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One of the good things about the speech that Jerome Powell, chairperson of the US Federal Reserve, delivered at the annual Jackson Hole conference this year was that it did not include the terms ‘inequality’ and ‘climate change’. That was quite something, given how enthusiastically central banks have climbed onto the climate and inequality bandwagon. It was just as well that he did not do so, because barely a fortnight later, it was learnt that the president of the Federal Reserve Bank of Dallas had carried out several million-dollar stock trades in 2020 and in 2021.

Inequality is discussed at two levels: Income and wealth. In the developed world, inequality is taken as axiomatic. Anecdotal and documented evidence are both strong. In a blog post, the Federal Reserve Bank of St. Louis demonstrated that the household net worth of the bottom 50% has taken a progressively longer time to recover from recession-time declines (‘How recessions impact household networth’, 23 November 2020). Three American recessions (1990-91, 2001 and 2007-08) were examined. The top 1% and 10% have had little difficulty in restoring their household net worth within a few quarters, and five years after a recession, their net worth had grown significantly.

When it comes to income inequality, the situation is far less dire. At the annual general meeting this June of the Bank for International Settlements (BIS) at Basel, Switzerland, Claudio Borio, its chief economist, spoke on the distributional impact of monetary policy (bit.ly/3zoolnV). One of his charts clearly shows that the Gini coefficient, the usual measure of income inequality in the developed world, is far less skewed once fiscal transfers are taken into consideration. Yes, fiscal policy is doing its job. But, you would not know that from the public discourse. The real issue is wealth inequality, and the quantitative easing (QE) policies of central banks have a key role in fomenting and perpetuating it.

In its quarterly review published in March 2016, BIS was forthright: “While low interest rates and rising bond prices have had a negligible impact on wealth inequality, rising equity prices have been a key driver of inequality. A recovery in house prices has only partly offset this effect. Abstracting from general equilibrium effects on savings, borrowing and human wealth, this suggests that monetary policy may have added to inequality to the extent that it has boosted equity prices." It’s a pity that its chief economist muted his message at the June meeting.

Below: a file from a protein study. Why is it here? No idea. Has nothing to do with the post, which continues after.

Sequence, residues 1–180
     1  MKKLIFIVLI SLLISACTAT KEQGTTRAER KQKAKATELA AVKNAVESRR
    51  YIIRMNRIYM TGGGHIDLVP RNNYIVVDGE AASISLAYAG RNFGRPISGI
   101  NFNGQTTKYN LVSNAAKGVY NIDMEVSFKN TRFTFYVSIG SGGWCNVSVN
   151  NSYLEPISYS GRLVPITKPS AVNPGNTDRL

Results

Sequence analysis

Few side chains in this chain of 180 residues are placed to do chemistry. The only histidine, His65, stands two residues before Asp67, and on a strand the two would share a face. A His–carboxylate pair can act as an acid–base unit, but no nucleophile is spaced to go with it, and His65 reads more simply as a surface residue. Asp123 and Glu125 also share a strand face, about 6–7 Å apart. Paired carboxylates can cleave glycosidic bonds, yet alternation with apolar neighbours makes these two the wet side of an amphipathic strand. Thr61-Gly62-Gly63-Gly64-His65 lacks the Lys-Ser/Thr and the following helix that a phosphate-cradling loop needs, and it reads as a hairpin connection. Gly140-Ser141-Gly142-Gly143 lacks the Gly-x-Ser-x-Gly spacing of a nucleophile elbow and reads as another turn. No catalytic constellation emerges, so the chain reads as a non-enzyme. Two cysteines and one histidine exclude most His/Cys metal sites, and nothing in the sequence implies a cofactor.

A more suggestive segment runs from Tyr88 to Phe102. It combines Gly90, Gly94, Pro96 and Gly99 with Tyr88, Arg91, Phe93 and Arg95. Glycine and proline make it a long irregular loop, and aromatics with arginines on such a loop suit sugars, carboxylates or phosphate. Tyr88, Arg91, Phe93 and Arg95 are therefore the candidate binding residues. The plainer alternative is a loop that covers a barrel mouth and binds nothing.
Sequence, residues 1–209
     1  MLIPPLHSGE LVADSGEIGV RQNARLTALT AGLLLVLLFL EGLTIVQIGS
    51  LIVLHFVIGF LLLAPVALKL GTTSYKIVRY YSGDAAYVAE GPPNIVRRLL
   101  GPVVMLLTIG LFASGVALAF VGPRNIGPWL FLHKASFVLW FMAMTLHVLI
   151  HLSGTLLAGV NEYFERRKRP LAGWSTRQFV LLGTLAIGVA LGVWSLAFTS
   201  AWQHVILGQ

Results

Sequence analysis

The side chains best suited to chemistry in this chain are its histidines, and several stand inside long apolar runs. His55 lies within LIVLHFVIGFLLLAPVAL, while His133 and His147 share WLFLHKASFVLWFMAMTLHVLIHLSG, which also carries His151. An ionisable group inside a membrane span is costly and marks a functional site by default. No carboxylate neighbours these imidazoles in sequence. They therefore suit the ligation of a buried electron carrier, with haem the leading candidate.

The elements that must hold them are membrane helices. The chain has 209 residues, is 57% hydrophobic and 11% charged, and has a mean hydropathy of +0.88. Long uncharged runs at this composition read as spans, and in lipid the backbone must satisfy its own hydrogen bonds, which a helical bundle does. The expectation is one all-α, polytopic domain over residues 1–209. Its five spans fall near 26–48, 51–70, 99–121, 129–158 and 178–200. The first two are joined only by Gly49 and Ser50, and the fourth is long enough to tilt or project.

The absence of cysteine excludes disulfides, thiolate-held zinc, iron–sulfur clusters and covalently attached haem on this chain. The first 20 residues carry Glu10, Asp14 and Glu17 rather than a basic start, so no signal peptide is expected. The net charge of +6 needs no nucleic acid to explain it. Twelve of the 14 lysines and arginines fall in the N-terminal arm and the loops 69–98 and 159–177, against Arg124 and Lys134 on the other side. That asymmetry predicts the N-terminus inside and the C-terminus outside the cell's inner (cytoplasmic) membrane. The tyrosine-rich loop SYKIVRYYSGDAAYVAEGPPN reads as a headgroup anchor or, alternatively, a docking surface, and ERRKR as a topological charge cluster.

In July, an economic affairs committee of Britain’s House of Lords published a report (bit.ly/3kqKH41) on the QE policies of the Bank of England and wondered if it was a dangerous addiction. In four pages, the report deals with the distributional effects of QE. While it is cautious about attributing causality to QE’s correlation with income inequality, it’s less bashful on wealth inequality.

Further, the committee urged the Bank of England to engage in a debate about the trade-offs created by sustained QE policies. That is the crux of the issue. Central bankers are unelected powers, in the words of one who belonged to the club. They have also been largely unaccountable for the trade-offs that their policies have created. None of the major central banks in the West has been open to an honest debate on the consequences of their policies for economic, social and political stability over the medium to long-run, now that these policies have been in place for more than a decade. It gets worse. As an add-on, some of them now want a green mandate.

Macroeconomics textbooks tell us that monetary and fiscal policies are tools to manage short-run aggregate demand. Whereas, the long-run aggregate supply curve is vertical. In other words, this curve is not shifted to the right (a supply increase) by cyclical policy tools such as monetary and fiscal policy. Nor should the curve be managed by these tools, for it is a function of other factors like education, skills, geography, war, pestilence and yes, climate.

Therefore, to have central banks take cognizance of climate change induced its impact on potential growth goes against the canons of macroeconomic management. If it is indeed established beyond reasonable doubt that there is a need for policy action, then that is for elected governments to undertake, duly subject to public accountability.

Resources devoted to mitigating climate change or interest rates adjusted in response to the phenomenon’s estimated impact on potential growth have opportunity costs. Developing countries have other pressing concerns, such as infectious diseases like malaria, basic sanitation and hygiene, and the provision of clean water. We need debates and an examination of the consequences of such needs going unmet (or only partially so) and the sequencing of policy priorities before action is taken with respect to climate change.

Such prioritization needs to be subject to public scrutiny. These decisions cannot and should not be left to unaccountable and unelected ‘experts’, whether they are scientists or central bankers.

One silver lining in the overreach of central banks could be that it triggers an overdue debate on their usefulness and limitations, eventually resulting in both central banking and commercial banking becoming boring—and safer for societies.

V. Anantha Nageswaran is a member of the Economic Advisory Council to the Prime Minister. These are the author’s personal views.

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